|Born||12 May 1885|
|Died||9 April 1976 (aged 90)|
Saneatsu Mushanokōji (武者小路 実篤(實篤) Mushanokōji Saneatsu, 12 May 1885 – 9 April 1976) was a Japanese novelist, playwright, poet, artist, and philosopher active during the late Taishō and Shōwa periods of Japan. Though he later changed his surname to Mushakōji, he was generally known by his former name Mushanokōji. He was nicknamed Musha and Futo-o by his colleagues.
Born in Kōjimachi, Chiyoda, Tokyo Saneatsu was the eighth son of Viscount Mushanokōji Saneyo, who died when Saneatsu was age two. Raised mostly by his mother. Saneatsu was a frail and sickly youth, unable to compete in the physical activities at the Gakushūin Peers' School. To compensate, he developed his debating skills and developed an interest in literature. During his time at this school he became friends with Naoya Shiga, and was introduced by his uncle to the Bible and the works of Tolstoy. Saneatsu enrolled in the sociology department of Tokyo Imperial University, but left without graduating in 1907 to form a literary group with Kinoshita Rigen, Shiga Naoya, Arishima Takeo, and Ogimachi Kinkazu (ja:正親町公和). They named the group Jūyokkakai (The Fourteenth Day Club). This group evolved into the Shirakaba (White Birch) literary coterie, and began publishing a literary magazine of the same name in 1910. In 1913, Saneatsu married Fusako Miyagi, a woman to whom he had earlier been introduced by Kokichi Otake. Both Miyagi and Otake were members of the women's literary association (and publishers of the journal of the same name), "Bluestocking".
As a key member of Shirakaba, Mushanokōji in 1910 published his work Omedetaki Hito (お目出たき人 Good Natured Person) in its magazine. This was followed by Seken shirazu (世間知らず Babe in the Woods), in 1912. Through the medium of Shirakaba, Mushanokōji began moving away from the Tolstoy ideal of self-sacrifice, and promoted his philosophy of humanism as an alternative to then-popular form of naturalism. While his humanism borrowed some elements from naturalism, he in general believed that humanity controlled its own destiny through the assertion of will, whereas the naturalists tended to see the individual as powerless and desperate against forces beyond personal control.
With the outbreak of World War I, Mushanokōji turned again to Tolstoy for inspiration and for the further development of his humanitarianism philosophy. During this time, he published Sono imōto (その妹 His Sister) (1915), a play involving a choice between self-love and love for mankind. He relocated to what is now part of Abiko, Chiba in 1916, together with Shiga Naoya and Yanagi Sōetsu.
In 1918, Mushanokōji took the next step in the development of his philosophy by moving to the mountains of Kijō, Miyazaki in Kyūshū, and establishing a quasi-socialistic utopian commune, Atarashiki-mura (New Village) along vaguely Tolstoyan lines. Soon afterwards, he published Kōfukumono (幸福者 A Happy Man) (1919), a novel presenting his image of the ideal human; and Yūjō (友情 Friendship) (1920), a novel portraying the victory of humanism over ego. His idealism appears in his autobiographical novel Aru otoko (或る男 A Certain Man) (1923), and in the play Ningen banzai (人間万歳 Three Cheers for Mankind) (1922). The commune also published its own literary magazine, Atarashiki-mura. In the 1920s, while running the commune, Mushanokōji was very prolific in his literary output. However, Mushanokōji tired of the social experiment and left the village in 1926; a dam project forced it to relocate to Saitama Prefecture in 1939, where it still exists.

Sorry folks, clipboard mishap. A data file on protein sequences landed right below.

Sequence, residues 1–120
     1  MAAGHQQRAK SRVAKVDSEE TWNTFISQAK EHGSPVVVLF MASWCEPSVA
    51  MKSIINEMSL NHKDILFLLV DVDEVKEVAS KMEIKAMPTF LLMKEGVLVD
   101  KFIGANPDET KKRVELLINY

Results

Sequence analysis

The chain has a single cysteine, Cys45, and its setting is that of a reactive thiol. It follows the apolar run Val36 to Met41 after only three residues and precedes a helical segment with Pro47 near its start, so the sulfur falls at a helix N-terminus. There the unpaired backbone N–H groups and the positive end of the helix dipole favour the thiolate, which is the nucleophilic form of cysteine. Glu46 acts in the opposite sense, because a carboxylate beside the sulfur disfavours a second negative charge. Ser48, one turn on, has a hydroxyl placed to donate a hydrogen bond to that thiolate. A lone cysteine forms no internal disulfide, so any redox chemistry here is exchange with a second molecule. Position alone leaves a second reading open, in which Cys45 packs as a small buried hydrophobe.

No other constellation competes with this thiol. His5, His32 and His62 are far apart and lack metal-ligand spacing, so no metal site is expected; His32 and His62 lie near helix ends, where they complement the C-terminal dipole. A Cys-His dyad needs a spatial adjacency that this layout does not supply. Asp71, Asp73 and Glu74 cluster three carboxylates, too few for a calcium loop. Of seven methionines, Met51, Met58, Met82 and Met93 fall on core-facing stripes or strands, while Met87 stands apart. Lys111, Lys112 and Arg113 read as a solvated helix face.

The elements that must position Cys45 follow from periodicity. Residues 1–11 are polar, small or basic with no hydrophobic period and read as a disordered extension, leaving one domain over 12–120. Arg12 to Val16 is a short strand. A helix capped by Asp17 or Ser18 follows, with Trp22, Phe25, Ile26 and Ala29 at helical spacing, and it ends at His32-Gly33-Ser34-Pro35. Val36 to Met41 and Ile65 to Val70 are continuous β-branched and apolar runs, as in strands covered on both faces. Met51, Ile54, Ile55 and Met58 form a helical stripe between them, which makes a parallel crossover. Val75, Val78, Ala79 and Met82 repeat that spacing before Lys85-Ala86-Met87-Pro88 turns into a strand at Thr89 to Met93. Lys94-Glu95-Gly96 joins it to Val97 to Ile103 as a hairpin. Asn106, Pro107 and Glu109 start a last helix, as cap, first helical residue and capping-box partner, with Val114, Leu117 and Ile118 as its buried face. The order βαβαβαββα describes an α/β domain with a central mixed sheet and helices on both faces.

After the Great Kantō earthquake of 1923, Mushanokōji returned to Tokyo to run an art gallery, and started to sell his own paintings, mostly still lifes depicting pumpkins and other vegetables. Publication of Shirakaba was suspended after the earthquake, but Mushanokōji went on to bring out the literary magazine, Fuji, with the novelist and playwright Nagayo Yoshirō. During this period, he turned his attention to writing historical novels or biographical novels, such as Ninomiya Sontoku, about the 19th century farm technologist and agricultural philosopher.
Through the 1930s and 1940s, he faded from the literary world. Encouraged by his older brother Kintomo Mushanokōji, who was the Japanese ambassador to Nazi Germany, he traveled throughout Europe in 1936. In 1946, he was appointed to a seat in the House of Peers of the Diet of Japan. However, four months later he was purged from public office by the American Occupation authorities, due to his Dai Tōa Senso Shikan (大東亜戦争私観 Personal Thoughts on the Great East Asia War ) (1942), supporting the actions of the Japanese government in World War II.
Mushanokōji made a literary comeback with his novel Shinri sensei (真理先生 Teacher of Truth) (1949–1950). He was awarded the Order of Culture in 1951, and became a member of the Japan Art Academy in 1952.
Mushanokōji lived to the age of 90. He died at the Jikei University School of Medicine Hospital in Komae, Tokyo of uremia. His grave is at the Chūō Reien in the city of Hachiōji, close to Tokyo. His home in Chōfu, Tokyo, where he lived from 1955 to 1976 has been turned into a memorial museum.
|Ancestors of Saneatsu Mushanokōji|
- "Genealogy". Reichsarchiv (in Japanese). Retrieved 27 September 2017.
- Mortimer, Maya. Meeting the Sensei: The Role of the Master in Shirakaba Writers. Brill Academic Publishers (2000). ISBN 90-04-11655-9
- Watanabe, Kanji. Mushanokoji Saneatsu (Jinbutsu shoshi taikei). Kinokuniya Shoten (1984). ISBN 4-8169-0328-3 (Japanese)
|Wikiquote has quotations related to: Saneatsu Mushanokōji|
|Wikimedia Commons has media related to Saneatsu Mushanokōji.|